This Summer I Became Addicted To The Wire

I became addicted to The Wire.

I know, I 'm late to the party. Very late, since the final episode aired over two years ago. But over the last few weeks I spent more time in front of the TV screen than I normally do in six months. This HBO drama that first aired ten years ago before airing its final season in 2006 has been on my list of shows to watch ever since I saw the video “100 Greatest Quotes From The Wire” on Youtube back in the spring.  The hot weather, combined with a certain reluctance to sit in front of a keyboard lately, made watching one show after another a seductive proposition.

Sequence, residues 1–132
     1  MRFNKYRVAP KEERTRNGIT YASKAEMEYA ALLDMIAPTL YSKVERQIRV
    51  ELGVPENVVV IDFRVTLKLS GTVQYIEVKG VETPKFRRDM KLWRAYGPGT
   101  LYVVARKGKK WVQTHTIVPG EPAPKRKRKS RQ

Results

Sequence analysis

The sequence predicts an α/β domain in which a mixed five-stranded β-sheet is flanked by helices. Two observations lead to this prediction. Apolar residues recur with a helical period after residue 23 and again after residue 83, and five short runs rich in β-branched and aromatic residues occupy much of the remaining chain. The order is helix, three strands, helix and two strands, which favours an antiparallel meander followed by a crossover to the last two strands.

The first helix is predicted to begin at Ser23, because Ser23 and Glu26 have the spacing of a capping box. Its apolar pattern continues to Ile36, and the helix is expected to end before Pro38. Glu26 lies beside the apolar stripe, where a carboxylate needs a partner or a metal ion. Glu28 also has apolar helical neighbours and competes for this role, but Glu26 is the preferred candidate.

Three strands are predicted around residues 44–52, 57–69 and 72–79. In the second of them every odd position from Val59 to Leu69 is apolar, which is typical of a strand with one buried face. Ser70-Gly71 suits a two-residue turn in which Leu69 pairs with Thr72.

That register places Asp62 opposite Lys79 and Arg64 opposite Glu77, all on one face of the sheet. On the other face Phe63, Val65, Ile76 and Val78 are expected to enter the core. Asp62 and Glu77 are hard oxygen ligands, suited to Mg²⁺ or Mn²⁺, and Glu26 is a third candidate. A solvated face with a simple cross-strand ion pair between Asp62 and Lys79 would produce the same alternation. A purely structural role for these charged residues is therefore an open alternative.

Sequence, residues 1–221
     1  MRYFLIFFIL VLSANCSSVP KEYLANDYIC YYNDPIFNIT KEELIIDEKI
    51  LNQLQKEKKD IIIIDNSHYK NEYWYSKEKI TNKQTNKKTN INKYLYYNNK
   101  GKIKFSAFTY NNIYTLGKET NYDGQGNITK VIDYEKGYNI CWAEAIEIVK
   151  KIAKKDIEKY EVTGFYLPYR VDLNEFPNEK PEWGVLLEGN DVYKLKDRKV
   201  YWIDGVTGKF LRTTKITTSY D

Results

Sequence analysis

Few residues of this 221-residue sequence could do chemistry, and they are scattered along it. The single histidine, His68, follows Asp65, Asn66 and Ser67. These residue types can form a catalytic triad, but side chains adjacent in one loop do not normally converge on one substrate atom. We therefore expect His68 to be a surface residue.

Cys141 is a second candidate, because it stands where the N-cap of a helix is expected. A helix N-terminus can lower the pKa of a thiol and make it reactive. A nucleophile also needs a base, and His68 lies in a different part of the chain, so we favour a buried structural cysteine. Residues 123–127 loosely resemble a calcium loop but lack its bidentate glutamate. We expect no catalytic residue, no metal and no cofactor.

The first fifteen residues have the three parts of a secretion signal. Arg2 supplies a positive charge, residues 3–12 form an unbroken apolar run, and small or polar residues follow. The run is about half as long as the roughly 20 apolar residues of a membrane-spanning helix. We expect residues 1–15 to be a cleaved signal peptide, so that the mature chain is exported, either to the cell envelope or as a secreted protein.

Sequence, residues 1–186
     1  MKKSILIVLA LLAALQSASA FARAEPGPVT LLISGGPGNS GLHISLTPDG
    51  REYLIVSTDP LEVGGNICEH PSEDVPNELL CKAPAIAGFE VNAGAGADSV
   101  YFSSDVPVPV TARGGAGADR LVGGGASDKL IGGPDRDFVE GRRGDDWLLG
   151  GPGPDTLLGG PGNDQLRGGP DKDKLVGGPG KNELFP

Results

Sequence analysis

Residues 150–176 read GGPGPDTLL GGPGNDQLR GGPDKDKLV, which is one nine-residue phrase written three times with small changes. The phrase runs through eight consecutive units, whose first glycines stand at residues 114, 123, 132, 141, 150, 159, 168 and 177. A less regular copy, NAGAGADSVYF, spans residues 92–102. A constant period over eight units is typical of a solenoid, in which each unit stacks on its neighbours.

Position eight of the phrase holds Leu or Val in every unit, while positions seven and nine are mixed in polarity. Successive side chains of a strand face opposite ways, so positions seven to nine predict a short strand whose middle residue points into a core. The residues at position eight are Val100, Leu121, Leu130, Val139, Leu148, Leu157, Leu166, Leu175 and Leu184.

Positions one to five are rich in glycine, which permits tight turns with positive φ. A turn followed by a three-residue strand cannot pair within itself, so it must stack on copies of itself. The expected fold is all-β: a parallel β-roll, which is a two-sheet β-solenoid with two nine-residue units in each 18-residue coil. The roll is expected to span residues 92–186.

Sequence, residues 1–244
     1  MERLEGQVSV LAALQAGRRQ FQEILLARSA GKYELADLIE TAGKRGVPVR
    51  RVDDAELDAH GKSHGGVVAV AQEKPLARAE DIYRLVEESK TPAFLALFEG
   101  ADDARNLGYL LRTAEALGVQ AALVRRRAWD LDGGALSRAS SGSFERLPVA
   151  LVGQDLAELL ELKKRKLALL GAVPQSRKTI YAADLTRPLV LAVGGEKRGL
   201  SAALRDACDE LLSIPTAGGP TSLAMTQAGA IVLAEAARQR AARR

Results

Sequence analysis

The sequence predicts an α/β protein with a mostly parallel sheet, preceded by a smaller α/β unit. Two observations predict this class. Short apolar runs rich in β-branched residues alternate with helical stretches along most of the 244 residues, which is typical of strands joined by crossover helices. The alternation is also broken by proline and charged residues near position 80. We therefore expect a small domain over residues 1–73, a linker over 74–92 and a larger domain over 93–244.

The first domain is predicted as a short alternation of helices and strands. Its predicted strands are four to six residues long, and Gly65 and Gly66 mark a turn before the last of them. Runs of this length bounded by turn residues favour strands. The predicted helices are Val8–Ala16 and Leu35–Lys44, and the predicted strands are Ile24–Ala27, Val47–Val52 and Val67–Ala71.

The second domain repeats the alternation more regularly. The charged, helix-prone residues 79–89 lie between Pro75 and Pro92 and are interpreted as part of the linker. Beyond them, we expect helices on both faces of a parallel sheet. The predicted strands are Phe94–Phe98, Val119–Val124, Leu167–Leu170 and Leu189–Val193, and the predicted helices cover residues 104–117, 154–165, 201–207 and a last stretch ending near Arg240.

I started by watching the fourth season, which was a very compelling mix of crime, politicians, corruption, and campaign trail shenanigans that made for a full bodied story. The race between Carcetti and Royce to be the next mayor of Baltimore seemed to mirror in many ways the political climate in Atlanta, another city with an unending line of black mayors for the last thirty years whose string of victories looked like they were about to come to an end last year. It wasn’t apparent until I went back and began to watch the series from the beginning that I understood how crucial the mayor’s race and its attendant ripples throughout the city’s administration was to stoking my interest in this critically acclaimed program.